At the moment, this isn’t a contest. With the release of iOS 6, Apple has deleted Google Maps from the iPhone and replaced it with Apple Maps, a new free service that attempts to mimic and outshine Google Maps. The only problem is that it doesn’t, in any way, do that currently, except for its pretty 3D city view mode. There are no transit directions yet and, as we found out, a lot of people are getting bogus directions from Apple Maps. It has placed cities in the ocean and guided people to the middle of nowhere. It’s a buggy, new product. Currently, Android is the best option for those wanting GPS turn-by-turn navigation and a stable mapping solution. Hopefully Google Maps will be on iOS soon, but so far, Google hasn’t yet submitted it to the App Store.
Winner: Galaxy S3
Audio & Video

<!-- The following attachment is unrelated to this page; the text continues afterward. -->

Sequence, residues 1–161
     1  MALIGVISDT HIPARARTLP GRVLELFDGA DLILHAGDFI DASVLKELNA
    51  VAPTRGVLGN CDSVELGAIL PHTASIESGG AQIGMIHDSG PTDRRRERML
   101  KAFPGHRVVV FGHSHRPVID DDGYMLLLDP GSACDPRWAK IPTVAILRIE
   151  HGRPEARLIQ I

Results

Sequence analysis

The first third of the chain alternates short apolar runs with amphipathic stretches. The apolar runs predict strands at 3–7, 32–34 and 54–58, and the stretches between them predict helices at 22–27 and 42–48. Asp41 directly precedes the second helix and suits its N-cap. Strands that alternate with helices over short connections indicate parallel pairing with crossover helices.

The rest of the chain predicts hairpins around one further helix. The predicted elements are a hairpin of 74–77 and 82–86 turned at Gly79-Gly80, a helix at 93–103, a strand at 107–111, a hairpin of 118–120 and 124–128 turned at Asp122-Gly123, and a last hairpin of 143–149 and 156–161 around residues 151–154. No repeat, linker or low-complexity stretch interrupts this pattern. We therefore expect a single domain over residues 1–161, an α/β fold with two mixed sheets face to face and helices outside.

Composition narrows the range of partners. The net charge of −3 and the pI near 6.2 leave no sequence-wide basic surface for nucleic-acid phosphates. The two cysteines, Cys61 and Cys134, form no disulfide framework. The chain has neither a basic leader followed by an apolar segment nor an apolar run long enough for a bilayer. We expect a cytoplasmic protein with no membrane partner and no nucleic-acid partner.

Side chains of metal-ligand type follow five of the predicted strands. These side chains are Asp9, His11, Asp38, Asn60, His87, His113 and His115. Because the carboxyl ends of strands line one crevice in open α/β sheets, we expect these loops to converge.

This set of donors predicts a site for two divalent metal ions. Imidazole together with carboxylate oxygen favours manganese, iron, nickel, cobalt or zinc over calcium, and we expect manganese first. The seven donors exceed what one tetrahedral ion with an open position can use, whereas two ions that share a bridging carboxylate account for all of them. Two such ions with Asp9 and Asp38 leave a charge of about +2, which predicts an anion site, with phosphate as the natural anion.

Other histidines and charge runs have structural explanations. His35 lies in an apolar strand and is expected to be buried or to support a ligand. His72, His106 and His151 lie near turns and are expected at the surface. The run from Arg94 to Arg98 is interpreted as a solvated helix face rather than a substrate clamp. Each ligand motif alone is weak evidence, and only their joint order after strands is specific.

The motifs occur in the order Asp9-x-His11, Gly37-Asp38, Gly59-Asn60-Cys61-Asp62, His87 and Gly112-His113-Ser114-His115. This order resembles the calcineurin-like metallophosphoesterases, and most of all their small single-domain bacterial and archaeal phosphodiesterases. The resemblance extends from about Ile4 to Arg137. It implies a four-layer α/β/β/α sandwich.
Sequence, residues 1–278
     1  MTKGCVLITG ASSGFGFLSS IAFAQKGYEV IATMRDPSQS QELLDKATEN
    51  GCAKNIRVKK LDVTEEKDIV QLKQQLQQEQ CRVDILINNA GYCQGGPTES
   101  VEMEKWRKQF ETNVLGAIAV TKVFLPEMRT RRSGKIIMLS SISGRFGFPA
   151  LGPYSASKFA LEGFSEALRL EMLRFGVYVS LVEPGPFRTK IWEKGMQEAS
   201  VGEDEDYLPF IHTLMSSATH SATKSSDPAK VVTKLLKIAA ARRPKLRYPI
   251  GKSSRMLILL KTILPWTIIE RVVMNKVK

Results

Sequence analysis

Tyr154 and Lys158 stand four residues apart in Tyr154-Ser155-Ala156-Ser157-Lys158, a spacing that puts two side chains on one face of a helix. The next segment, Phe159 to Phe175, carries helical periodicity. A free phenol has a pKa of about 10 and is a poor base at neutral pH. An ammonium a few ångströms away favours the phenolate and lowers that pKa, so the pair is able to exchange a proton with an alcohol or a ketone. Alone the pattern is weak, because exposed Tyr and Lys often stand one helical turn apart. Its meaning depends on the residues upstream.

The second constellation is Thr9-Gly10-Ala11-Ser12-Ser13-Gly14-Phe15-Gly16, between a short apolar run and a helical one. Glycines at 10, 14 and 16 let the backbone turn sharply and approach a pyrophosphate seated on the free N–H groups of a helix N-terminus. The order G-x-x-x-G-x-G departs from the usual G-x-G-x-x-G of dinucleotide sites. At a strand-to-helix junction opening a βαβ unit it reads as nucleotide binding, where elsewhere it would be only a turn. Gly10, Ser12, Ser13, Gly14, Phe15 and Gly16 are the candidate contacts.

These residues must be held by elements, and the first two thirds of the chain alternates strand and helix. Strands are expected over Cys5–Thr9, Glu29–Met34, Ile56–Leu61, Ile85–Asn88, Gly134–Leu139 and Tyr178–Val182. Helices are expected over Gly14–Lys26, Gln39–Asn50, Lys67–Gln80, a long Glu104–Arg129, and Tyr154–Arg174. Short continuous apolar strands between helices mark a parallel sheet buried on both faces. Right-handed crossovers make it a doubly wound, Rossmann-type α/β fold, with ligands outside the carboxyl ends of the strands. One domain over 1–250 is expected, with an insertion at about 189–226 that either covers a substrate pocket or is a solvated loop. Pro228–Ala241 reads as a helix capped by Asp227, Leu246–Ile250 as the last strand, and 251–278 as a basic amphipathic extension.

Enjoy music, video, and radio podcasts? The iPhone, which was born of the iPod, is still your best option. Though we don’t like the way Apple locks purchased content into its own device ecosystem, it still has the best ecosystem out there. iTunes is the most robust digital music store and comes with PC or Mac software to manage your entire collection, something Android has never had. Through the App Store you can access Pandora, Spotify, and countless other apps. Podcasts are also handled by a first-party app by Apple. The only downside is that if you purchase music or content in apps outside of Apple’s content, you’ll likely have to do it on the Web. Companies like Amazon, which sells, books, video, and music, do not allow you to purchase content on your iPhone or iPad because Apple demands a 30-percent cut of the sale. Still, it may be locked down, but getting content on the iPhone 5 is elegant and it works.